After two days of deliberation, a federal jury in New York on Monday found American R&B superstar R. Kelly guilty of racketeering conspiracy and eight counts of sex trafficking.
The charges stemmed from accusations that the 54-year-old singer had inappropriate relationships with minors and that his managers and aides helped him meet girls and keep them "obedient and quiet," the Associated Press reported.
The conviction marks the culmination of the grassroots #MuteRKelly campaign, intended to encourage people to protest Kelly's music and performances following decades of accusations against him. It's also one of the highest-profile convictions in the #MeToo era, which has seen a number of figures in entertainment, politics and elsewhere face consequences for their abusive and destructive behavior.
"We hope this verdict brings some sense of justice to the brave survivors who came forward," the Mute R Kelly group tweeted following news of the verdict.
Here's more on Kelly and what led to the conviction.
Who is R. Kelly?
Born Robert Sylvester Kelly in Chicago, R. Kelly is a Grammy Award-winning singer, songwriter and record producer. He's perhaps best known for his most successful single, the chart-topping I Believe I Can Fly from the soundtrack to 1996 movie Space Jam. The song scored five nominations at the 40th Annual Grammy Awards, and won best male R&B vocal performance, best R&B song and best song written for visual media.
R. Kelly sold more than 75 million records over his career, making him the most successful R&B recording artist of the '90s. In 2010, Billboard named him the most successful R&B artist in history.
When did R. Kelly's legal troubles start?
R. Kelly's legal issues go back decades.
According to reporting by Vibe and the Chicago Sun-Times, R. Kelly was illegally married to fellow R&B singer Aaliyah in 1994 when she was just 15 years old. Aaliyah claimed she had lied about her age, stating she was 18, but in 2021 Kelly admitted, through his lawyers, that he'd had underage sexual contact with Aaliyah.
Legal issues continued to plague Kelly. In 2002 a video, sent to the Chicago Sun-Times allegedly showed Kelly having underage sex with a minor. Kelly denied being the man in the video.
More recently, a Lifetime documentary in January 2019, titled Surviving R. Kelly, surfaced new testimonials about his alleged predation of young Black women and raised awareness of accusations against the singer.
Kelly was acquitted in a child pornography case in 2008 and has settled numerous lawsuits. He's still facing several other charges in Chicago, including alleged sexual abuse and fixing his 2008 trial, the Chicago Tribune reported. He has plead not guilty to those charges, as well as to charges of solicitation in Minnesota.
R. Kelly's New York sex trafficking trial
In total 11 accusers took the stand, nine women and two men. Kelly was accused of one count of racketeering and eight counts of violating the Mann Act, which criminalizes the transport of people across state lines for the "purpose of prostitution or debauchery."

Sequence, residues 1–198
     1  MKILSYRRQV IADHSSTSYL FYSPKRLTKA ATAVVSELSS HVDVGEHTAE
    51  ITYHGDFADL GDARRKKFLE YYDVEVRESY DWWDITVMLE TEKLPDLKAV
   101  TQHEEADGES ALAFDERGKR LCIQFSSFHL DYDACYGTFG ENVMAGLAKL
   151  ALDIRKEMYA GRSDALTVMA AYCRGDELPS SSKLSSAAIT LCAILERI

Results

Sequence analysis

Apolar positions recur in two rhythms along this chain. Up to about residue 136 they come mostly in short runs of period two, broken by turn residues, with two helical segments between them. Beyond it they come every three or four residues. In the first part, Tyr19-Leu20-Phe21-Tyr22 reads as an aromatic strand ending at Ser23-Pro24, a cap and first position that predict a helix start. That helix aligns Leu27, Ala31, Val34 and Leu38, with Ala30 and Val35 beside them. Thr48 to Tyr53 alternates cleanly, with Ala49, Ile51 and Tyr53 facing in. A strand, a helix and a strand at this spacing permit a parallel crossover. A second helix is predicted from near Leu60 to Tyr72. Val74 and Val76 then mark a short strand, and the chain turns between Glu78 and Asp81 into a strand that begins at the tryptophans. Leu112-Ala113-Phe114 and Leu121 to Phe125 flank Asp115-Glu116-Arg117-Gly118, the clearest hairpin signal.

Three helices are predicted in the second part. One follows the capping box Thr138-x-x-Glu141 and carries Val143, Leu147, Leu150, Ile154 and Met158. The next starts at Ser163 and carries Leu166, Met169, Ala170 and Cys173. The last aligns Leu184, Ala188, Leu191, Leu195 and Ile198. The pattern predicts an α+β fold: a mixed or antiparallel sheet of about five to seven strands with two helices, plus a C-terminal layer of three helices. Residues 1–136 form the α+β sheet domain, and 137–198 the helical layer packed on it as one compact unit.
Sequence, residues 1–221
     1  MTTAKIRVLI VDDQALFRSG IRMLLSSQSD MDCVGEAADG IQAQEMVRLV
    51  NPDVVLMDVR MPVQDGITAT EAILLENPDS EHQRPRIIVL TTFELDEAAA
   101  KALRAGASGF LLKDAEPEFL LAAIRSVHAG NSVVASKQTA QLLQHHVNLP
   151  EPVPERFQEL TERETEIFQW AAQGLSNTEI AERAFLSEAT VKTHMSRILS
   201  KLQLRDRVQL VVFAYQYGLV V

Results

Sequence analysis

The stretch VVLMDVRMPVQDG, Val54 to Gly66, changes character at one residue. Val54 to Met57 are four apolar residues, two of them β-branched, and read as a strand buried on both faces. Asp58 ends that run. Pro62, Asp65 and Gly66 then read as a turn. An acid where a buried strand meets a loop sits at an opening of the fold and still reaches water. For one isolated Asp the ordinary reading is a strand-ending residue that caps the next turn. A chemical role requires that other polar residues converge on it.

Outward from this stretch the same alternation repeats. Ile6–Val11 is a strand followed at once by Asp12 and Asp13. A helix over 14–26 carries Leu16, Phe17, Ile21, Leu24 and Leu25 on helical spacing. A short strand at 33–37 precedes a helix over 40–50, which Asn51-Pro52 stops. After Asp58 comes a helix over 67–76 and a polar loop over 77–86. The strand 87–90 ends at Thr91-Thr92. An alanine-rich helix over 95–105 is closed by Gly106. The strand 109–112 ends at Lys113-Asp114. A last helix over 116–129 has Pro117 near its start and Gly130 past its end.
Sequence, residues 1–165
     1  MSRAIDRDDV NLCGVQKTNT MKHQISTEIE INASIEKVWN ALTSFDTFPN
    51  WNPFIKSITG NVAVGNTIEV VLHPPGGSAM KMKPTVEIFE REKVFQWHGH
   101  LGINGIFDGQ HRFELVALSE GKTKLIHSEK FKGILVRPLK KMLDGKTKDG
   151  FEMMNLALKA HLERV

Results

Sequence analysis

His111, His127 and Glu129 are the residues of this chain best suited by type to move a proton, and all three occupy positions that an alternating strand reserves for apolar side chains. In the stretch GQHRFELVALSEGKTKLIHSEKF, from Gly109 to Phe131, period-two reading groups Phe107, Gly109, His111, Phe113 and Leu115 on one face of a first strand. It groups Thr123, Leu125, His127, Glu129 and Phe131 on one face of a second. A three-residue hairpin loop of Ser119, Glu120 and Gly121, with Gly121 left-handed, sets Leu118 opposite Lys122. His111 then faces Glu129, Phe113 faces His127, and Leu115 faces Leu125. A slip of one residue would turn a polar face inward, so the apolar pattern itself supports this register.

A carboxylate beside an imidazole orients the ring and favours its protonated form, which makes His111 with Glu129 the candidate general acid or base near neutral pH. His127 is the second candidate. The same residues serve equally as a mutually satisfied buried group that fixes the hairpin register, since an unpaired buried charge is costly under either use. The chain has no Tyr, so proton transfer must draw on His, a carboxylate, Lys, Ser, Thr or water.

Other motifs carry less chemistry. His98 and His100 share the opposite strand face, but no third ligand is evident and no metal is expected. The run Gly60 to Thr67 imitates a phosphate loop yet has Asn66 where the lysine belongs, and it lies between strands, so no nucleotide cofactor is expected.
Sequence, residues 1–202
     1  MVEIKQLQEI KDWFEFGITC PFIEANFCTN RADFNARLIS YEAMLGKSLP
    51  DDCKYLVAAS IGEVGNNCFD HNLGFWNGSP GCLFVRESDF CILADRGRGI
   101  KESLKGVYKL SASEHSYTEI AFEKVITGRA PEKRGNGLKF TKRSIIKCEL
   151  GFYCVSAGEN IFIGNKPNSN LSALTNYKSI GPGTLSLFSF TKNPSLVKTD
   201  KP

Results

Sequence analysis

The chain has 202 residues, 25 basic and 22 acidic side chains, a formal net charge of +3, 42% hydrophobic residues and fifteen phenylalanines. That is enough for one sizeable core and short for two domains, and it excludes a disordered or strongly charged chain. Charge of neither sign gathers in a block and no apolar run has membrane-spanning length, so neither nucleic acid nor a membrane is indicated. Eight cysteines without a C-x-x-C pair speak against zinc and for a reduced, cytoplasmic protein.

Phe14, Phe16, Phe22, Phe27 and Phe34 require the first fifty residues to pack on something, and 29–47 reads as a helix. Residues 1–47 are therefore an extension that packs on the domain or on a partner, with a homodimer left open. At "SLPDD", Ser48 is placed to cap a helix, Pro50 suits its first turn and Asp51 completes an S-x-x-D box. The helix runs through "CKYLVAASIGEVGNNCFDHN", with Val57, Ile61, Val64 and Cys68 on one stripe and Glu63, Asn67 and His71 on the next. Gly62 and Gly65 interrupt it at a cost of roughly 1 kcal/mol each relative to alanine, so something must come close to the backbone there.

He was found guilty on all charges and could face 10 years to life in prison, according to NPR.
"Today's guilty verdict forever brands R Kelly as a predator," said Acting US attorney Jacquelyn Kasulis, "who used his fame and fortune to prey on the young, the vulnerable and the voiceless for his own sexual gratification."
"To the victims in this case, your voices were heard, and justice was finally served."
Gloria Allred, a lawyer representing several of the victims claimed that "of all the predators" she pursued in the past, "Mr. Kelly is the worst."
Kelly did not testify in his own defense.
How did R. Kelly and his team respond to the verdict?
A mask-wearing Kelly remained motionless, with his eyes downcast, as the verdict was read, the AP reported. The law firm representing Kelly didn't immediately respond to a request for comment. Addressing a crowd after the verdict, Kelly's lawyer Deveraux Cannick said, "I'm sure we'll be appealing."
Speaking outside the courthouse, Allred referenced the length of time it took to get a conviction, saying, "We understand that justice moves at a glacial pace," The New York Times reported.
How did the accusations affect R. Kelly's music?
The controversy over Kelly had ripple effects on the music and streaming services business. In 2018, when a wave of backlash against R. Kelly crested, Spotify initiated a hateful conduct policy. The music-streaming service said it would remove songs or artists from its service or bury them without any promotion, like banning them from playlists, based on "hateful conduct." Though R. Kelly wasn't the sole trigger for the rule, his was the best-known music that fell under the policy.
But Spotify faced criticism about the new policy. As the biggest subscription music service in the world, some called it out for potentially determining the success or failure of artists' careers based on enforcement decisions made behind closed doors without a process for appeal. And the rule was also criticized for seeming racial bias. The artists known to be affected by the new policy were Black, while many white musical artists, some of them revered as icons, faced allegations of violence or abuse in their pasts without any repercussions on Spotify.
Within a month of announcing it, Spotify backtracked on the policy, saying it would continue to crack down on hateful content itself but would move away from a policy around artist conduct.
When is sentencing?
Sentencing is May 4, 2022.
CNET reporter Joan E. Solsman contributed to this story.